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Marshalltown Volunteer Retires after 35 years

Red Cross Volunteer Bill Martin

Photo courtesy of Dave Alexander, Marshalltown Times-Republican. Bill Martin is shown here in his Marshalltown home Friday afternoon with his map of Red Cross sites where he and others have worked during his 35-year tenure.

The dedication I have seen from fellow volunteers is always memorable, and almost overwhelming.

Sitting on the living room floor of 805 Joan Terrace is a map of the United States littered with Red Cross pins. The pins are tacked to the states where volunteers have served. Wyoming's has a cowboy on it; one from Transylvania County, N.C. is shaped like a bat.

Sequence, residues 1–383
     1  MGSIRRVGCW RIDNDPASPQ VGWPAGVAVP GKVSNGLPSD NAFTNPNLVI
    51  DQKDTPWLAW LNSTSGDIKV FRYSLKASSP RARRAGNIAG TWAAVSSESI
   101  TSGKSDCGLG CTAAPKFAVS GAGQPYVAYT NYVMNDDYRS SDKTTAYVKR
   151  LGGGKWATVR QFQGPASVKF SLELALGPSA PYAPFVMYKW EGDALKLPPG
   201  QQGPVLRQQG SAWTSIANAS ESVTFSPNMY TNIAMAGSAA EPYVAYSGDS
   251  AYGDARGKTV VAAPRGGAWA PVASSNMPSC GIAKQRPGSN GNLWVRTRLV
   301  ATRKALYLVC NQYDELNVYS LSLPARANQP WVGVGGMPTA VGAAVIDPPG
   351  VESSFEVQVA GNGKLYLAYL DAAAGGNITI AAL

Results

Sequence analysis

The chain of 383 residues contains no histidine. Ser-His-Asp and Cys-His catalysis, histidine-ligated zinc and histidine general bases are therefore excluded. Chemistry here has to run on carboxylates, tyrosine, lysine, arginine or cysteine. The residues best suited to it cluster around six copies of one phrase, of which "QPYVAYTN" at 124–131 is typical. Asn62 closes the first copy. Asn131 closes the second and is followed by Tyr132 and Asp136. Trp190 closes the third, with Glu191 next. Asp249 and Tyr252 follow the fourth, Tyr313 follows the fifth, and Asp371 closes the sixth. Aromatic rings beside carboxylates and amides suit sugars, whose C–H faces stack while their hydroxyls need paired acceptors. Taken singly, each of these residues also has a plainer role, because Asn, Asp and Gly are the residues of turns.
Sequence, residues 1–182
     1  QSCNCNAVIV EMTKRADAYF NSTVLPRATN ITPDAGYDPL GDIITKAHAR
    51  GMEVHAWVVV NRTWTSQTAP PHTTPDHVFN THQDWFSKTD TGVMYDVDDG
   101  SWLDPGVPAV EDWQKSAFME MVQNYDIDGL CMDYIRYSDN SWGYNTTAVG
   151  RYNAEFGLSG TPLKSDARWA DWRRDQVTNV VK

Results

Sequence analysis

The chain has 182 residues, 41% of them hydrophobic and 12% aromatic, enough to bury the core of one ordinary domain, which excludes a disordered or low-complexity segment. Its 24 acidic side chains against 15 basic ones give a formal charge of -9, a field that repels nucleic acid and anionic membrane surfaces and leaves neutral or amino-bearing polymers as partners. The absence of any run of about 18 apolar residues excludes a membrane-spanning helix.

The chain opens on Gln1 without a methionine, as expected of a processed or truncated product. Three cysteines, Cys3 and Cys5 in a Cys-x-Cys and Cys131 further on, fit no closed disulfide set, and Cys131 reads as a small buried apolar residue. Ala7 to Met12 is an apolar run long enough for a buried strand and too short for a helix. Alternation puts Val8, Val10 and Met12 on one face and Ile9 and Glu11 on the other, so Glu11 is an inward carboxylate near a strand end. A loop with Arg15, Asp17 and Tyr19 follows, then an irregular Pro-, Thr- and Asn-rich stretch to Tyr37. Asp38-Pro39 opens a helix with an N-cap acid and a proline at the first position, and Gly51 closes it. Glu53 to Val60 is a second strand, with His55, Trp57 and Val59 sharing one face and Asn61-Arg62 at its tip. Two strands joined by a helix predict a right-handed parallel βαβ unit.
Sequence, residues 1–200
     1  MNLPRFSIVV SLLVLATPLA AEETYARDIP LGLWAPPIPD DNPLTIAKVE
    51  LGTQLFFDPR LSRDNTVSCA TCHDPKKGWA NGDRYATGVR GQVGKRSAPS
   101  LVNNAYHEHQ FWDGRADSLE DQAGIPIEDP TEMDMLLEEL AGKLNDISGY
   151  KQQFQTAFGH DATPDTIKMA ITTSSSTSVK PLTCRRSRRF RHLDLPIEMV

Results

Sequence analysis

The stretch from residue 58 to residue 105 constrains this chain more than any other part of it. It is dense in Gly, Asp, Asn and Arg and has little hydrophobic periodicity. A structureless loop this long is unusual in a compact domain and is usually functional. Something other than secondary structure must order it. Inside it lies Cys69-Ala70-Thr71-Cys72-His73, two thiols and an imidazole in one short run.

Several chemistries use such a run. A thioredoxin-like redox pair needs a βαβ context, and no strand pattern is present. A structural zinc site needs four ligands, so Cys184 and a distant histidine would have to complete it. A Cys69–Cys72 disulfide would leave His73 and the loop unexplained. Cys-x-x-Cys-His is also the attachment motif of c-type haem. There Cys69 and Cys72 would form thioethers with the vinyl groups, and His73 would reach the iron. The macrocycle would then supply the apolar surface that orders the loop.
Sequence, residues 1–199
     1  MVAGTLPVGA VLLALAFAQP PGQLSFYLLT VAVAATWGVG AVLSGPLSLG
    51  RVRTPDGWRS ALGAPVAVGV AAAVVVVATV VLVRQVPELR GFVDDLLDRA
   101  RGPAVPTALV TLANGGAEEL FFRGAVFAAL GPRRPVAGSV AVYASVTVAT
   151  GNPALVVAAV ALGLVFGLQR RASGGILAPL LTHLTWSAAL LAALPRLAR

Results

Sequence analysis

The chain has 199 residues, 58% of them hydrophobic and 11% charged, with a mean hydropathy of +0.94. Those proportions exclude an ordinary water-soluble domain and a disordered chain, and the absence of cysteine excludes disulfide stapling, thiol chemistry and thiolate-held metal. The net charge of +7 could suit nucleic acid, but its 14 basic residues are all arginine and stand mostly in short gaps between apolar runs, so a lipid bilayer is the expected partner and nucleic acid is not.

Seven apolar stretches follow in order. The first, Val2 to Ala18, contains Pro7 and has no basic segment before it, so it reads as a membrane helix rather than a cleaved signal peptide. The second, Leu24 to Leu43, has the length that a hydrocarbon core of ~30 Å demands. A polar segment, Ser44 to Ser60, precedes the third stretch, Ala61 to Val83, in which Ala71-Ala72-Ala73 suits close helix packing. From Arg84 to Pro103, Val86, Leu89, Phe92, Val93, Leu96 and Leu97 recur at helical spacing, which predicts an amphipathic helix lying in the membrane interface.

For Bill Martin, each of the pins represents a memory, a person with whom he served. Whenever he arrived on the scene of a disaster relief effort, there was always an immediate bond forged between volunteers. It's the kind of bond those who serve in the military share, he said.

"The dedication I have seen from fellow volunteers is always memorable, and almost overwhelming," he said. "It's truly the volunteers that are the heart of the Red Cross."

Martin has retired from volunteering at the Red Cross and will receive its volunteer service award Tuesday.

This year, Martin, 66, is retiring as a Red Cross volunteer, leaving behind the organization that he has served for 35 years. The Central Iowa chapter of the Red Cross will present Martin with a volunteer service award in Des Moines Tuesday.